“Kerblam!” Finally Sold Me On Season 11
I feel I was, perhaps, a little unfair to Jodie Whittaker, and Doctor Who season 11 in general. Going further into the show has led to a lot more fun episodes, and moments for the newest Doctor to shine. The second episode had a great premise; “Rosa” was a freaking brilliant episode and a showcase of excellent acting, and seeing some giant spiders was fun and even a little scary.
But we are not here to talk about that. Because, despite “Rosa” being the best episode so far in the season, it was not the one I had the most fun with so far. No, that goes to “Kerblam!” An episode that I initially discredited because of its silly title.
“Kerblam!” is my favorite kind of Doctor Who episode. It does interesting things with social commentary, manages an effective plot twist, and sets up and pays off Chekov’s guns cleverly. Oddly enough, though, the thing the episode did that made me like it, was a subversion of the usual ways a Doctor Who episode tends to go. I realize that sounds like a paradox but stay with me here. They arrive at a new place, something is going wrong—people are dying—and then they find the evil thing at the center of it and the Doctor stops it.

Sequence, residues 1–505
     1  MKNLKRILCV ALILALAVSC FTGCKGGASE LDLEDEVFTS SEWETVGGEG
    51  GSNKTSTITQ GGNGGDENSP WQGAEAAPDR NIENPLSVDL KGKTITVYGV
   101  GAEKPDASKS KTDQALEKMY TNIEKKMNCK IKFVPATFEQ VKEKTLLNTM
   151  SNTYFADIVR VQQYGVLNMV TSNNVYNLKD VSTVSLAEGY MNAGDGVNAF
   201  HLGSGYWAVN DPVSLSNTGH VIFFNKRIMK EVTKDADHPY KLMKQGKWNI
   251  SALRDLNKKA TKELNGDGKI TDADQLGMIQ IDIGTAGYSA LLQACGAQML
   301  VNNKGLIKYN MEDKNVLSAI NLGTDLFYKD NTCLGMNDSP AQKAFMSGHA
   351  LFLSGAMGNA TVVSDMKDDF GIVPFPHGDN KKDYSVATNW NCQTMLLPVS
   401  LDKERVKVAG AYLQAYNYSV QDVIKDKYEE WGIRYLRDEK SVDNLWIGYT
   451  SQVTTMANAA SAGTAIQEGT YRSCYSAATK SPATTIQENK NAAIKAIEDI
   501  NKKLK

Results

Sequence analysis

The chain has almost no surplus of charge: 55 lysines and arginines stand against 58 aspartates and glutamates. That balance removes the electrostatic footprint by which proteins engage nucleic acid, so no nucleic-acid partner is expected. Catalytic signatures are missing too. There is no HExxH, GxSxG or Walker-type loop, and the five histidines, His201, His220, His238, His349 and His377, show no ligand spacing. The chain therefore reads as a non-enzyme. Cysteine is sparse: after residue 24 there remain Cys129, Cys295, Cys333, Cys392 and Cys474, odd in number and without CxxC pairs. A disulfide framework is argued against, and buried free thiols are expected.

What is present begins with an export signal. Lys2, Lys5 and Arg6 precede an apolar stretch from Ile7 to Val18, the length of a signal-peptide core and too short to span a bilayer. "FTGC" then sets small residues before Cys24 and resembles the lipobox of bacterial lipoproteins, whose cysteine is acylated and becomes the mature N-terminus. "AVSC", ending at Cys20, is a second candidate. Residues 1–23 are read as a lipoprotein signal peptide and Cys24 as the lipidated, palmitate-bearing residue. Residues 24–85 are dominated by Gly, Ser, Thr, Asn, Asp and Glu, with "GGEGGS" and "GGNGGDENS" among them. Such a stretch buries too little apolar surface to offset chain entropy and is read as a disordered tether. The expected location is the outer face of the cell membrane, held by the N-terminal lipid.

“Kerblam!” Shows Off What The Show Does Best
That’s bog-standard Doctor Who.
But, here’s the thing: every usual beat is subverted. The villain, the nature of the danger, the commentary even. So much is handled with an understanding of expectations and deviating from them, but without an urge to be random or contrarian just for the sake of it.
It’s also overall well written. The episode works around the issue of coincidences—a big problem in Doctor Who. Like, right off the bat, they acknowledge it would be near impossible to find the source of the distress call—there’s too much space and too many people—and they stick to that. No cheating. The solution is logical. It’s clean, uncluttered storytelling.
“Kerblam!” Skirts Common Doctor Who Clichés
The TARDIS isn’t even incapacitated. It’s not damaged, recharging, or destabilized. They left it outside the building and could feasibly get it at any time. There’s just no reason to do so because the Doctor would not abandon people in trouble.
That’s how you write a Doctor Who episode.
It’s just good.
“Kerblam!” Delivers A Surprisingly Nuanced Plot
The story centers on an automated future version of a certain very popular online retailer while never really demonizing it or necessarily saying it’s wrong for existing. They even have one character who might be a promotion/endorsement of the service. The Doctor also delivers a speech somewhat defending it. As both a science fiction fan and a person who enjoys tech, the whole message is just spot-on and thoughtful. Actual nuance instead of calling the newest technology inherently bad.
If I were to tell someone where to start with Jodie Whittaker, this might be the one, barring her introduction episode. Like “Blink,” “The Eleventh Hour,” and “Dalek,” it’s just a solid entry point for a new fan to watch. Sometimes, I get a little disheartened with Doctor Who when there’s a string of too many mediocre episodes, but, despite my initial misgivings, season 11 is shaping up to not have that problem.
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